In a study published in the February 2010 issue of the medical journal Pediatrics, Carol DeMatteo of the School of Rehabilitation Science at McMaster University in Hamilton, Ontario says that concussions should be referred to as mild traumatic brain injuries and treated as such. She found that many concussions are not taken seriously enough, compared to other mild brain injuries among children.
“Even children with quite serious injuries can be labelled as having a concussion,” DeMatteo said. “Concussion seems to be less alarming than ‘mild brain injury’ so it may be used to convey an injury that should have a good outcome, does not have structural brain damage and symptoms that will pass.”
However, concussions may have long-lasting effects. The headaches, amnesia and loss of consciousness usually pass quickly, but some children may develop “post-concussion syndrome” that may last for weeks or months.
Further, multiple concussions may cause cumulative neurological damage. Recently, evidence has emerged which shows that multiple concussions (commonly experienced by football players and boxers) increase the risk of Alzheimer’s disease and other forms of dementia.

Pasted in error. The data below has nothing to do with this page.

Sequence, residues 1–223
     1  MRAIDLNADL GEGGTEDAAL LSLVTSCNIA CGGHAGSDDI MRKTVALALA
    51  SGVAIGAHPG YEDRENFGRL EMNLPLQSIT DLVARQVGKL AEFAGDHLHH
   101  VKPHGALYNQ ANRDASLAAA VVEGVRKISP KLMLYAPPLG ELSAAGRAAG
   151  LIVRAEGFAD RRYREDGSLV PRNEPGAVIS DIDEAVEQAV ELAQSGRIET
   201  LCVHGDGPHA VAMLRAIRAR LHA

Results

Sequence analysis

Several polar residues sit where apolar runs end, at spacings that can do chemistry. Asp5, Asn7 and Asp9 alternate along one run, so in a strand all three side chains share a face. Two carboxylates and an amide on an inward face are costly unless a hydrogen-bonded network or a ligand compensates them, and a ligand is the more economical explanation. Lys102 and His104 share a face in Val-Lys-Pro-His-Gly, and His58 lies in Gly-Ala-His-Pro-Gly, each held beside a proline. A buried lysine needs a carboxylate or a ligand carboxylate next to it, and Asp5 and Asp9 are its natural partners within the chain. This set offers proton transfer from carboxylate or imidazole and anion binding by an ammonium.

DeMatteo found that too many parents (and even some doctors) think of concussions as harmless. She decided to start her study after she heard one parent say, “My child doesn’t have a brain injury. he only has a concussion.”
DeMatteo’s study found that children labeled as having a “concussion” were discharged earlier than children with other brain injuries, regardless of the severity of the injury. This study shows that the term “concussion” affects how people view the injury and even how it is treated in medical settings.
“Our study suggests that if a child is given a diagnosis of a concussion, the family is less likely to consider it an actual injury to the brain,” said DeMatteo . “These children may be sent back to school or allowed to return to activity sooner, and maybe before they should. This puts them at greater risk for a second injury, poor school performance and wondering what is wrong with them.”
DeMatteo suggests that doctors abandon the term “concussion” and replace it with “mild traumatic brain injury” along with more specific descriptions of the injury.
If your child experiences any type of traumatic brain injury – even if it is “just a concussion” – you should take your child to see a doctor immediately. The doctor may need to perform imaging studies to look for visible signs of brain damage. The sooner you get to the doctor, the better.
In some cases, a child’s traumatic brain injury may be due to the negligence of another person. For example, if a child suffers a brain injury after slipping on a wet floor in a place of business, the business owner may be held liable. Similarly, if proper safety procedures are not followed, a school may be found negligent in the case of a brain injury that occurs during football practice. For more information about your legal rights, contact an experienced Atlanta, Georgia brain injury lawyer. Call MLN Law at 404-531-9700 to schedule a free consultation.